Toxic Shock Syndrome 101: How it's linked to tampons, and everything else you need to know

Get clued up and keep yourself safe

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The phrase 'Toxic Shock Syndrome' will occasionally pop up in the news, often in relation to the sad death of a young woman. Most people don't know much about it other than the fact that it's commonly linked to the use of tampons, with victims usually leaving one in for way too long, creating fatal health problems. 

It's fairly terrifying to think that something as casual as popping in a tampon could lead to a deadly outcome, but what actually IS toxic shock syndrome, and should you really be worried about it? How at risk are you, and should it make you think twice about opting for tampons?

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Here's everything you need to know about TSS, the symptoms and all the important stuff to keep yourself safe.

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What is Toxic Shock Syndrome, or TSS?

Toxic shock syndrome itself is a very rare but ultimately life-threatening bacterial infection. If you want to get all scientific about it, it's caused by the Staphylococcus aureus and Streptococcus pyogenes bacteria. Bet you're glad we told you that.

These very complex-sounding bacteria will normally live harmlessly on the skin, nose or mouth without causing any problems, but occasionally they can invade the body's bloodstream and release poisonous toxins, which is when things get dangerous.

Toxins they create can then go on to damage tissue within your skin and organs, and can even disturb the functions of your vital organs to cause severe circulatory and organ failure. Yep, it's scary.

What actually causes it?

Doctors still don't really understand why, but around 50% of TSS cases occur in women who are on their period and using a tampon - particularly tampons that are labelled as 'super absorbent', for some reason.

It's not all down to tampons though, FYI.

The syndrome can also manifest itself as a result of an infected wound or insect bite, or even skin damage from a burn or scald, which can allow bacteria to enter the body and release the dangerous toxins.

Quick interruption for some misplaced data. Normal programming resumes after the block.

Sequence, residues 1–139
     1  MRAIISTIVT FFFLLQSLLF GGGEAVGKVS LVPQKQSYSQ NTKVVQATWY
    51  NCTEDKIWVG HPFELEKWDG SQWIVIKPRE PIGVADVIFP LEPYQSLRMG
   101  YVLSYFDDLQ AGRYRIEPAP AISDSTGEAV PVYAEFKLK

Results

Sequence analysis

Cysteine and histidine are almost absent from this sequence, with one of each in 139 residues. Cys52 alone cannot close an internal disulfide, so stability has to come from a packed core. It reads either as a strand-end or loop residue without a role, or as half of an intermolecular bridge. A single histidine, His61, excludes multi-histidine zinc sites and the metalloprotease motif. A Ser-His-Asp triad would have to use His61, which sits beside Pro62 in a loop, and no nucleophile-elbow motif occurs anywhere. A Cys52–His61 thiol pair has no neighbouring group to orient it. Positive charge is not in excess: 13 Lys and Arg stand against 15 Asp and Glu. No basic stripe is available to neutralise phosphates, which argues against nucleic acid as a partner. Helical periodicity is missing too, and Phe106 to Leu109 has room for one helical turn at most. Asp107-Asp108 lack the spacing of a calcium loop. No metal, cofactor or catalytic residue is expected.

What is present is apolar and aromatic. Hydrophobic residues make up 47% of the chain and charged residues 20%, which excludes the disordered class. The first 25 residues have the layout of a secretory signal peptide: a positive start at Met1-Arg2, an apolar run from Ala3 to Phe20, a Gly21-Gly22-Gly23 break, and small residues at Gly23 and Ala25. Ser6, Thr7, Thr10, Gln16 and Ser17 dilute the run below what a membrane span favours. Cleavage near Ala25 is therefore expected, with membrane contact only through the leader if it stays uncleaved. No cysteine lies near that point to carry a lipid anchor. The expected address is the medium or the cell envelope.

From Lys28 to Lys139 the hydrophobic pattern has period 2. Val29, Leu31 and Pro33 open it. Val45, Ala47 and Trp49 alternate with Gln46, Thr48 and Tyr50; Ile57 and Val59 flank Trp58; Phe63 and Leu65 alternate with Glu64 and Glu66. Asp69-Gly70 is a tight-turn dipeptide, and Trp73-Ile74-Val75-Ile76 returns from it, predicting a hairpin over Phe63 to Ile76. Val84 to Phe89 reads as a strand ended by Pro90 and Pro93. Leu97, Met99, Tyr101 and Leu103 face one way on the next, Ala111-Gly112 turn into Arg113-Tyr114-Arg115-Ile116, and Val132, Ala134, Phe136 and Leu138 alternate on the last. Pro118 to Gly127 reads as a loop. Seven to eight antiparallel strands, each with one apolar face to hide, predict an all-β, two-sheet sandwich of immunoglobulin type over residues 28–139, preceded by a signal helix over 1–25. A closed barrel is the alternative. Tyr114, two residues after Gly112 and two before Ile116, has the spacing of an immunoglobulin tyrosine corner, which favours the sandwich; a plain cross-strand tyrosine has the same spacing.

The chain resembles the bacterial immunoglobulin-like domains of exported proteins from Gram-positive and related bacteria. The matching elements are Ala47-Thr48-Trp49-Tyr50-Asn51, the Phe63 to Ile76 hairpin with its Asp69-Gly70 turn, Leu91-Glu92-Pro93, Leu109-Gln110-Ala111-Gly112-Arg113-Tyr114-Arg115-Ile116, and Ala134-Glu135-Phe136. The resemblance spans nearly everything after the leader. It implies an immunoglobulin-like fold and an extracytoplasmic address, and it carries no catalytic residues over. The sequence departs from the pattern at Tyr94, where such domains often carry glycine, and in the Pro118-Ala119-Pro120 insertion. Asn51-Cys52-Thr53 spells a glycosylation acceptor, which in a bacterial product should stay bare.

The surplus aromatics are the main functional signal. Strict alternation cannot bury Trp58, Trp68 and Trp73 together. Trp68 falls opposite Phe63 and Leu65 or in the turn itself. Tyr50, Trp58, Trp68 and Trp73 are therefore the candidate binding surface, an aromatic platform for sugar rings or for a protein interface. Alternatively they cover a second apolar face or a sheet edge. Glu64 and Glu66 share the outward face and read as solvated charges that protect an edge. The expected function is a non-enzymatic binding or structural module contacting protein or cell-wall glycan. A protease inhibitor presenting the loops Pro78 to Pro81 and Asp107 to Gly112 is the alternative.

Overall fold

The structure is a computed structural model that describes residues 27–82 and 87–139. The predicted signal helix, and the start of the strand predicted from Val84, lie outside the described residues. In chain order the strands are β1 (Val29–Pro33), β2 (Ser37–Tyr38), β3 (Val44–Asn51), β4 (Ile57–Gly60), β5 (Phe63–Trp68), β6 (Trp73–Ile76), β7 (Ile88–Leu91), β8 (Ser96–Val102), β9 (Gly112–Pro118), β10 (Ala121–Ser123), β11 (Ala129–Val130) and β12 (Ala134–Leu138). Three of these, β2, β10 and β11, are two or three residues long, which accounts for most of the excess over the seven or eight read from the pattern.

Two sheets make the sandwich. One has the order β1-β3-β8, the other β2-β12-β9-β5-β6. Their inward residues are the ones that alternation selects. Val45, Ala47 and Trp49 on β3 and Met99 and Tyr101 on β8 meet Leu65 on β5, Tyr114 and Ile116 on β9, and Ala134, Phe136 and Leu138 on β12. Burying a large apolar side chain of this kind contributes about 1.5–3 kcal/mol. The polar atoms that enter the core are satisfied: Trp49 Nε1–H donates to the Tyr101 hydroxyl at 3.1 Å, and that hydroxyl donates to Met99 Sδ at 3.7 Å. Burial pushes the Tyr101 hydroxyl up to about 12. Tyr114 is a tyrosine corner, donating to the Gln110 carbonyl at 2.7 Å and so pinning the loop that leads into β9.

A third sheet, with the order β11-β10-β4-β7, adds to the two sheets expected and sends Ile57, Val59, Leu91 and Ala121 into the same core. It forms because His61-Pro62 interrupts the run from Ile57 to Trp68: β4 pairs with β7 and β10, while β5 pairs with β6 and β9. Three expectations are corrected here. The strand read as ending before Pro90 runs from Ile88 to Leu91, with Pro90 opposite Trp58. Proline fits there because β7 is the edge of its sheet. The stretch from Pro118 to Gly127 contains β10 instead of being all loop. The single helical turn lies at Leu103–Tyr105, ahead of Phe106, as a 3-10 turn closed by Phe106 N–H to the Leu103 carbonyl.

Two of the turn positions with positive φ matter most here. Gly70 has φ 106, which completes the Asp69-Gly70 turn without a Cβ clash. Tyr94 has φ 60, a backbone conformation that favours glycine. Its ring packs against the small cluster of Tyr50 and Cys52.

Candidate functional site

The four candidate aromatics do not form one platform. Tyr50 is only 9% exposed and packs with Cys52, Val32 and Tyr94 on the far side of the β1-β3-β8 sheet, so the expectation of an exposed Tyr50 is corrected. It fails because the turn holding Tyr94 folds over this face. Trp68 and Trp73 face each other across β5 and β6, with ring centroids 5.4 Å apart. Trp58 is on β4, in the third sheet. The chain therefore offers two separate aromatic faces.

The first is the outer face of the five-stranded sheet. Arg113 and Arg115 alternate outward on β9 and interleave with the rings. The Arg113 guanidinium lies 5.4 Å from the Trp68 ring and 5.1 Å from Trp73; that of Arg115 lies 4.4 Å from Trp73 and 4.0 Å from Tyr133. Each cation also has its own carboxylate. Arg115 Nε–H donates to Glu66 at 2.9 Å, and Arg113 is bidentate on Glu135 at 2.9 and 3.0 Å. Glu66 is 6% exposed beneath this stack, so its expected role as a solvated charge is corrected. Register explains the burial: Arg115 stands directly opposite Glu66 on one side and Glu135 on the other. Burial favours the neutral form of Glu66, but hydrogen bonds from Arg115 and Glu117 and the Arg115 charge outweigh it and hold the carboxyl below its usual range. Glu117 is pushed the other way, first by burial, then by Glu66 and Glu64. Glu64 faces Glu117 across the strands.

Can boys not get it, then?

Of course they can. Because it's linked to cuts, bites, burns and scalds which anyone can get, TSS doesn't discriminate. 

However, it has also been linked to menstrual sponges, diaphragms and cervical caps (as well as tampons), so it's unsurprising that TSS is most common in women under 30. Up to 30% of cases are in women under the age of 19.

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What kinda symptoms should I watch out for?

The first symptom that usually appears in relation to toxic shock syndrome is a sudden high fever, before others rapidly follow within the next few hours. These might include nausea and vomiting, diarrhoea, muscle pain, flu-like feelings, fainting and dizziness. 

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The NHS also advises you to watch out for a a sunburn-like skin rash, with the whites of the eyes, lips and tongue turning redder than usual. One or two weeks after the rash appears, the skin may then start shedding in large sheets, particularly from your palms or soles of your feet.

If you notice the symptoms...

Remove your tampon, seek medical attention and let the doctor know that you're concerned about TSS. If left too long without treatment, sufferers experience low blood pressure, a state of shock, confusion, kidney failure and even comas. 

And of course, we know that TSS can sometimes be fatal. It's so important to know the signs. Even if you really do just have an illness like flu, which has similar symptoms, it's better to be on the safe side and get yourself checked out.

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So do I need to stop using tampons?

Basically, no. You just need to be smart when you are using them.

If you're worrying, you can reduce the risk of menstrual TSS significantly by slightly cutting down on the number of tampons you're using while on your period. Swap one of them each day for a sanitary pad instead.

It's also important that you're using the minimum absorbency tampon for your needs - don't over compensate by opting for a super-maxi-mega size just to make sure. 

Of course, not using tampons altogether will essentially get rid of the risk altogether, but for a lot of women that's just not a practical option. Be sensible, REMEMBER WHEN YOU'VE GOT ONE IN. Change it every 4-6 hours, don't leave it for more than 8.

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What else can I do to minimise the risk?

A lot of the suggestions for minimising the potential of TSS are just basic hygiene ideas that we all practice anyway. Wash your hands before and after fiddling with tampons, and make sure you're changing them every 4 to 8 hours. Never leave one in for any longer.

It might sound silly, but always make sure you've removed your used tampon before popping in a new one, and double-triple-quadruple check that you've removed the last one at the end of your period.

You should also never use tampons before you've started your period, or to absorb other vaginal discharge. That's not what they're for. They're for menstrual flow (aka period blood) only.

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Can you recover from it?

If TSS is diagnosed and treated early with antibiotics and fluids, there is a good chance of recovery and improvement is usually shown within 48 hours. The quicker you receive treatment, the better. 

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